And what happened to poor Sokka? Gone is the humorous, sarcastic Water Tribe boy we know from the series. Sokka's supposed to be the Han Solo of the trio, but instead they turned him into a lifeless shell who's just there to be protective of Katara and apparently fall in love with Yue even though we never actually get any scenes between the two of them to establish that relationship. I don't mind that they cut Suki out of Book One because I figured they wanted to just focus on Sokka's relationship with Yue, and then bring Suki in when they journey across the Earth Kingdom in Book Two.

    On the plus side, I thought the bending effects were pretty good, and I liked the overall look of the movie. Shaun Toub as Uncle Iroh was probably the best of the actors, and Dev Patel was decent in some parts, mostly when he was playing off of Toub. Noah Ringer was okay as Aang, but Aang's not exactly a difficult character to interpret, anyway. Nicola Peltz was probably the weakest of the main actors, but that didn't particularly bother me since Katara was by far my least favorite of the main characters in the cartoon.

    If they do develop a sequel to this, I'd prefer Shyamalan to be relegated to a producer's role at the most and allow others to write and direct it. But releasing this on the same weekend as Eclipse was probably not a good idea. It might not even do well enough to see a sequel. Whatever happens, I just hope that the cartoon's reputation doesn't suffer because of this movie.
     
  6. Cutter John

    Cutter John Rear Admiral Rear Admiral

    Though goofy, I can give things like Flintstones, or Scooby-Do a pass. As you said, theres no deep storyline to mess with, plus theres the "Oh wow, he looks just like he did in the cartoon!" novelty to go with it.

    Other offenders are things like last years Dragonball movie, where there already exists. And though I was never a fan, the MotU film you mentioned was another.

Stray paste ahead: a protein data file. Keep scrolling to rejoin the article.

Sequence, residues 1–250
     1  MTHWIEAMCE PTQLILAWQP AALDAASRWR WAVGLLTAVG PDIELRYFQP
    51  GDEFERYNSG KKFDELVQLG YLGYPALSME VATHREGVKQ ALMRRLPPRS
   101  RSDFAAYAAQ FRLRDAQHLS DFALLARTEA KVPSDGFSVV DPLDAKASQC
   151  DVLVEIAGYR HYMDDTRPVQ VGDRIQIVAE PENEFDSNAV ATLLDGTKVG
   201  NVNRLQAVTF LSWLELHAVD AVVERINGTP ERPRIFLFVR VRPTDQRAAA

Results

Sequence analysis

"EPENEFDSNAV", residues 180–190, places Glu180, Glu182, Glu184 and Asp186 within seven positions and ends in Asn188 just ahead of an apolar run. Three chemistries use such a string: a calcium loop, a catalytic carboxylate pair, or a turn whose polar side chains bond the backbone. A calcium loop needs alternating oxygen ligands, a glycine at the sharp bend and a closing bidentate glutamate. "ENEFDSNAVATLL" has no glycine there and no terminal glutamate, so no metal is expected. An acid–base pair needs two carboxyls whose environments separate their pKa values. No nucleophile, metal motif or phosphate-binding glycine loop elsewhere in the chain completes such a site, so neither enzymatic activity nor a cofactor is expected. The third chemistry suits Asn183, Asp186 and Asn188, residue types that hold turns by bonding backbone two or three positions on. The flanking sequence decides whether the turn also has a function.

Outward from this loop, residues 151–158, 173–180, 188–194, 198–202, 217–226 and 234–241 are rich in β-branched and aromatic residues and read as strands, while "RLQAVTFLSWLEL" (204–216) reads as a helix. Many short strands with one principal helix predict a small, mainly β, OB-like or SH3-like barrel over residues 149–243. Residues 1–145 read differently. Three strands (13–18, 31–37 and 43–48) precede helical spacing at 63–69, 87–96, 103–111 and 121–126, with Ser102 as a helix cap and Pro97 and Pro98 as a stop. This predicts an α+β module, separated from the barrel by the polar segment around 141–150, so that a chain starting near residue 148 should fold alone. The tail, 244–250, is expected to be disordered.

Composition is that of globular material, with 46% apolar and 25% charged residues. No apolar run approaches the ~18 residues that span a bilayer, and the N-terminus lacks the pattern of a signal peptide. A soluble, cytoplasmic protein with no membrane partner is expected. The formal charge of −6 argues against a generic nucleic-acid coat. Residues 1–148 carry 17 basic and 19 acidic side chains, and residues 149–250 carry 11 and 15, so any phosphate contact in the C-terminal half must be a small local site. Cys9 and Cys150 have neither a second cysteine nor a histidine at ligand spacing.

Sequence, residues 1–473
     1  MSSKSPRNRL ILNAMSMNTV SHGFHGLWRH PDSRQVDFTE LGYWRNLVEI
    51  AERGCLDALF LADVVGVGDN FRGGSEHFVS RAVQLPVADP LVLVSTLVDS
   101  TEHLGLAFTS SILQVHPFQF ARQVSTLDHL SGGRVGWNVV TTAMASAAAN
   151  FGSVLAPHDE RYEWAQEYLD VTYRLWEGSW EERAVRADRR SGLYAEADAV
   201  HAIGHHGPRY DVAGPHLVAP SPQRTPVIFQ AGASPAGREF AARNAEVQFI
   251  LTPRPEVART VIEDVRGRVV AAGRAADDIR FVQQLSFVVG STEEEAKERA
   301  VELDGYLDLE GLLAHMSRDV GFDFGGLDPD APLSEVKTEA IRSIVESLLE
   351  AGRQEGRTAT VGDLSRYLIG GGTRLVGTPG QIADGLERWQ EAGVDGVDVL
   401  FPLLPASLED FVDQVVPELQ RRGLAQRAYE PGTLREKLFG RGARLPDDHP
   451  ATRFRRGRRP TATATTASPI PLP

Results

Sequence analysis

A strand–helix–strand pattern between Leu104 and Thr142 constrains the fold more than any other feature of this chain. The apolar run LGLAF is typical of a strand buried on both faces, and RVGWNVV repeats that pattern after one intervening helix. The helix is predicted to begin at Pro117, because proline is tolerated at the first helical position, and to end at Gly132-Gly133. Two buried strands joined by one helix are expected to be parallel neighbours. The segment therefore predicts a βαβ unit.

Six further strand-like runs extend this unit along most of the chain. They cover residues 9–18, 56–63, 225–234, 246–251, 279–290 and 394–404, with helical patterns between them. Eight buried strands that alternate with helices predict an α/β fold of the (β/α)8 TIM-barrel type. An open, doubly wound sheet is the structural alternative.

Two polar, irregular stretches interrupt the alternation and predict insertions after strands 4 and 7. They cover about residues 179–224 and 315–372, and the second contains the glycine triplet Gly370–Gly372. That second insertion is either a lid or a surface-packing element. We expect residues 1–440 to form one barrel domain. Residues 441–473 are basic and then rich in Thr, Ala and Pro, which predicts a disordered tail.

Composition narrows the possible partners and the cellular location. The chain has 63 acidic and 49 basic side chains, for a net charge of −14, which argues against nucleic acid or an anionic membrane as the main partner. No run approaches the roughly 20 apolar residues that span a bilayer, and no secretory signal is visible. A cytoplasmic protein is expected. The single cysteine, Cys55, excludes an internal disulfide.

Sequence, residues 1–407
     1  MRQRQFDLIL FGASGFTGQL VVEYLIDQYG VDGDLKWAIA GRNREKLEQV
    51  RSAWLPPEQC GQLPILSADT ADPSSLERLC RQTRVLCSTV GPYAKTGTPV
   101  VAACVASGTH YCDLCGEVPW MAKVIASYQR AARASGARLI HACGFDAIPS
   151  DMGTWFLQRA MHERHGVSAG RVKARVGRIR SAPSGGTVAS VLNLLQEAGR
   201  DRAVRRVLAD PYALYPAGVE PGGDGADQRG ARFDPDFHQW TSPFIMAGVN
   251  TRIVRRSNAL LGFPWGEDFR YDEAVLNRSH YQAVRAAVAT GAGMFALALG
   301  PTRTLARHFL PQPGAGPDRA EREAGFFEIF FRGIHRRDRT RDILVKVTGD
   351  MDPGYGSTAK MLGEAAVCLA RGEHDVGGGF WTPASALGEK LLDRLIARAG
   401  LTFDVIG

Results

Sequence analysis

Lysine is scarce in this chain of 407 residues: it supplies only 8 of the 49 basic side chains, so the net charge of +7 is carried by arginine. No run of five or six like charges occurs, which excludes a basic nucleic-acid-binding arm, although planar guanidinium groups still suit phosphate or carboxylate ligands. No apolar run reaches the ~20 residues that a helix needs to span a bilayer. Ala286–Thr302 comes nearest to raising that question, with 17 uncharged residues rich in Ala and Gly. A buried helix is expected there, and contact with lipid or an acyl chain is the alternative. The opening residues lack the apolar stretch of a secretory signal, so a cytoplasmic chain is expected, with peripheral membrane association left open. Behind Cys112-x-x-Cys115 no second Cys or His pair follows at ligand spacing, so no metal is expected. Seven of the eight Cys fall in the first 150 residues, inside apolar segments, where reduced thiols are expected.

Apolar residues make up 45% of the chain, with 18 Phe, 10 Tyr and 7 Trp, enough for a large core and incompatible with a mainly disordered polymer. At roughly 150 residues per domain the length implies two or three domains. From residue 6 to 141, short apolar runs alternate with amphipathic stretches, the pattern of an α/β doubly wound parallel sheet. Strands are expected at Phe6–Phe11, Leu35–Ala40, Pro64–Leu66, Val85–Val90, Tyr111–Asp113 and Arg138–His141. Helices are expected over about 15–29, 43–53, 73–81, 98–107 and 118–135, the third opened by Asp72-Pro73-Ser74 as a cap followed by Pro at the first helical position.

If the live-action creators are basing their interpretation on the same source material as the animation, say a novel or comic, I can live with that. Or making a film that builds on an already existing series? Sure, why not. But adapting an already successful animated series just strikes me as a slap in the face to animation genre.
    I believe this movie only deals with season one, but that is still one long tale with a strong storyline and characters which develop throughout those ten hours. Far too many interesting characters and mythology to go after with one 90 minute movie.

    Its just one step removed from taking an anime, then cutting and dumbing it down for an american audience.

    Of course I'm one of those folks who hates most remakes too. So I'm at least consistant there. :)
     
  7. Tulin

    Tulin Vice Admiral Admiral

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    I LOATHE anime so I would NEVER consider seeing this junk.

    I am enjoying seeing the internets break over this film, however.
     
  8. Tulin

    Tulin Vice Admiral Admiral